$292.74.  It's REAL rough in the sense that I didn't think of EVERYTHING.  There may be compatibility issues.  It was done in 2 hours mostly as a proof-of-concept.  I wanted to know how cheap I could go and still maintain a minimum level of quality.  Every single part in the build could be upgraded (with the increase in cost that goes with it).  This is an abstract starting point.

 

Note the Seasonic PSU.  You can't beat that thing right there.  Best part of the whole build.  The memory was meh, because once you get any faster than that, the cost jumps up exponentially.  As Ham Louis mentioned, OP needs to research minimum specs for the software he wants to use.

 

1) List softwares
2) Post specs for each

 

Example you might get a software that requires more than 8 Gbyte RAM. 12 maybe.  Or it might want a minimum quality video card (and NOT onboard).  The time to find this out is BEFORE you spend money.  I'd be interested in hearing from an AMD build advocate on why they think it might be better.  The main reason I chose Intel was because their processors included Heat Sink and Fan, and I've used them and they work pretty good.  And they are low so you dont have to think about whether or not there is enough vertical clearance.  And also that motherboard can upgrade it's processor all the way up to i7.  I don't know if you can upgrade a motherboard with a low-end AMD CPU all the way up to it's top-of-the-line CPU, but if you could that would be a good argument.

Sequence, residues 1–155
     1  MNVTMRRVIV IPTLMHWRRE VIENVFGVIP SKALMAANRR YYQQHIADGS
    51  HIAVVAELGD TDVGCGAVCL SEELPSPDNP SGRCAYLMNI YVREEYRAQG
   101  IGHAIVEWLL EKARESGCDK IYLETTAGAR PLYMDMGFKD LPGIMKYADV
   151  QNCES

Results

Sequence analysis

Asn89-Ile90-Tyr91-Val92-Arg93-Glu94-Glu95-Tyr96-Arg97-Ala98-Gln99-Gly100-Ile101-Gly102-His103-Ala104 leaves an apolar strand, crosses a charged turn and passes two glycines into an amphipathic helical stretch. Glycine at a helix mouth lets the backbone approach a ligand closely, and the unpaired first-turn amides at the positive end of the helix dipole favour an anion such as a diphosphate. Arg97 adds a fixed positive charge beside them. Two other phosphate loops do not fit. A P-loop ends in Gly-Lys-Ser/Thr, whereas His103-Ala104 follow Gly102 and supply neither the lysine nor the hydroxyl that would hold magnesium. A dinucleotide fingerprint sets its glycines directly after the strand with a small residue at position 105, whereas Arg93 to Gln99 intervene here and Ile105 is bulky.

My personal interest in a possible AMD vs. Intel competition for a budget build is which generates the least amout of heat.  It used to be AMD's ran cooler than Intel, but that was back in single-core days and I don't know if that's still true.  So an argument for AMD might be that you get same performance, same cost, HSF included AND it runs cooler.  And maybe a foot massage too.

 

Another probably upgrade could be an SSD, which I think personally is also a must-have, but on an ultra-low budget build I kept it off.  I like the new SSD's that plug into the PCI slots.  They have much faster read/write times, but a 250 Gbyte Samsung EVO would be good too.  Depends on how huge the OP's data files are going to be.

 

Another good question.

@OP:  How many drives in your current system and how much in round numbers data is on them.  100 Gbytes? 500 Gbytes? 2 Tbytes?  This will determine if you can use an SSD, a single large standard HD or one of each maybe.



#13 greyhoundrick

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Posted 16 June 2017 - 07:21 PM

Hi ranchhand_,

 

No worries! I took no offense whatsoever to your comments. I just wanted you to know that I have no problem with doing some research and learning from people like you!

 

Thank you very much for your input and guidance. I look forward to furthering our discussion very soon!

 

best to you always,

 

Rick



#14 greyhoundrick

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Posted 16 June 2017 - 07:26 PM

Hi Aaron_Warrior,

 

Thanks for all of the information, comments and insight.